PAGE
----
So which of these approaches is the right one? Prayers? Prozac? How about the one I identified at the beginning of this piece — making mental disorder an “identity” and the basis for some sort of politically-empowered community?
There is a value to seeing yourself as a part of a community, of knowing that you are not alone; I said as much in my previous post on depression. I sense that community when I talk to those of my friends who share my experiences with depression. But I don’t find the pride-and-identity approach any more likely to grasp the whole truth than anything else. The neurodiversity paradigm, whatever its merits, is as historical and time-bound as the pathology paradigm. That’s not a knock against it, exactly, but let’s not pretend we have won our way to truth at last. We have won our way to another face of a truth that can reveal itself only in time, reveal itself as one in a series of such revelations whose full unfolding might take fully as long as our species has to run its course. Solomon, again: “To understand the history of depression is to understand the invention of the human being as we now know and are him.”
What lies behind the postmodern fetish for new and liberating identities is, again, modernity.*** It is only a commonplace to say that the great hallmark of modernity is disenchantment, the progressive subtraction of power and agency from things in the universe — first God, then art (who among the clever set wants anymore to say that particular artworks are beautiful or powerful all on their own?), and then, finally, human beings are evacuated of any numinal sense of power and potentiality. In the blighted world of the DSM-5, humans are puppets on the string of their disorders; in the postmodern academy, they are puppets of social and economic and political forces.
Where, then, can we find meaning? Where can we place our faith? Is there redemption anywhere? For the scientist, there is redemption in science. The negation of meaning is itself the meaning. Meanwhile, the last thing anti-humanist academic postmoderns (AHAPs for short) want to talk about is redemption. But while AHAPs might be suspicious or scornful of humanism, they regrettably cannot avoid being human. For all their brave Nietzschean talk, they can’t live in hopelessness any better than anyone else. Where they put their faith is in politics.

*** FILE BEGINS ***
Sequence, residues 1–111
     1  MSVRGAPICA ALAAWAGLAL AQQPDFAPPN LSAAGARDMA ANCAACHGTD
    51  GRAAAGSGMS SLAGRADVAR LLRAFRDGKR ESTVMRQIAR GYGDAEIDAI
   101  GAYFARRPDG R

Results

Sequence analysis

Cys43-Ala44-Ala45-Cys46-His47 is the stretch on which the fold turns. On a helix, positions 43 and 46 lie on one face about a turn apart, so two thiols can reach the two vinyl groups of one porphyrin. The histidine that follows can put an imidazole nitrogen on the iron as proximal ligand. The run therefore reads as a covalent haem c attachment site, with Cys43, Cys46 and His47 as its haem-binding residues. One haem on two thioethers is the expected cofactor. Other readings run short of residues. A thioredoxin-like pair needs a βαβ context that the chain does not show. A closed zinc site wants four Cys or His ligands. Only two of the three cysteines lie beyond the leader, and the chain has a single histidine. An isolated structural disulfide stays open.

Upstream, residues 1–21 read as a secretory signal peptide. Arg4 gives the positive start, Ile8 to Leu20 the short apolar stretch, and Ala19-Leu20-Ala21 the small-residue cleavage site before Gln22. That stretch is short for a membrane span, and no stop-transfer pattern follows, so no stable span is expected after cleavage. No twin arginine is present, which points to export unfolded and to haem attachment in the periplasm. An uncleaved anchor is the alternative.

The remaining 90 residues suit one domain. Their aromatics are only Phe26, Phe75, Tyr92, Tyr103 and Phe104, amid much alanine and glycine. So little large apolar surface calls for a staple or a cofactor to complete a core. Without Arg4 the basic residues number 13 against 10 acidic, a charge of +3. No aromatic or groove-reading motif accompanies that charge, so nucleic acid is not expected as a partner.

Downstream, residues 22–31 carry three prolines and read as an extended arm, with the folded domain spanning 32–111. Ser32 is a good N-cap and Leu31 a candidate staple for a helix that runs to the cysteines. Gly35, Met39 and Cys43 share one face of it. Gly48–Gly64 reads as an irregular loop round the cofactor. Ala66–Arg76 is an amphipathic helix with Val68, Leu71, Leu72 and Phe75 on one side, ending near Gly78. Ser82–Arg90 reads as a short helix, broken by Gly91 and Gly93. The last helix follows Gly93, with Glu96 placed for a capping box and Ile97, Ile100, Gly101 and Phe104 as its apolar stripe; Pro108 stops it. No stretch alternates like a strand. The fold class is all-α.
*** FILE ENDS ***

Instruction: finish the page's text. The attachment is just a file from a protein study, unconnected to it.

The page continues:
To be sure, our actual political options may give us little to choose from and little to hope for. In our lived experience, politics is a savage and venal enterprise. But for the AHAP, it’s always “next year in Jerusalem.” Things are irredeemable now, but some day . . . it’s uncool to finish that sentence, though. We don’t want to come out and say what we think or hope will happen some day. But by god we will work for that some day that we pretend not to believe in. And if we cannot bring ourselves to believe in any real-world politics, present or future, we can put our faith in a more abstract and theological category, the political. Thus we will insist that all issues of culture are in the end political issues and assimilate all present concerns to the political horizon.
And if we no longer believe in a Utopian future state, then we can believe in a present made meaningful by the shadow that the future, however unwinnable in fact, casts over it. No wonder Theodor Adorno has become the patron saint of contemporary humanities academia: he strikes the only redemptive pose that fully modernized intellectuals can permit themselves, negation as redemption.**** Which you will notice is very close to what I said about science: the negation of the meaning is the meaning. The intellectual is to be like Moses, forever at the borders of the promised land, able to see it but never to claim it. As Adorno writes at the end of Minima Moralia, “The more passionately thought denies its conditionality for the sake of the unconditional, the more unconsciously, and so calamitously, it is delivered up to the world. Even its own impossibility it must at last comprehend for the sake of the possible. But beside the demand thus placed on thought, the question of the reality or unreality of redemption itself hardly matters.” [Adorno, Minima Moralia, trans. E. F. N. Jephcott (London:Verso) 247.] It wouldn’t surprise me if someone had gotten a tattoo of that passage.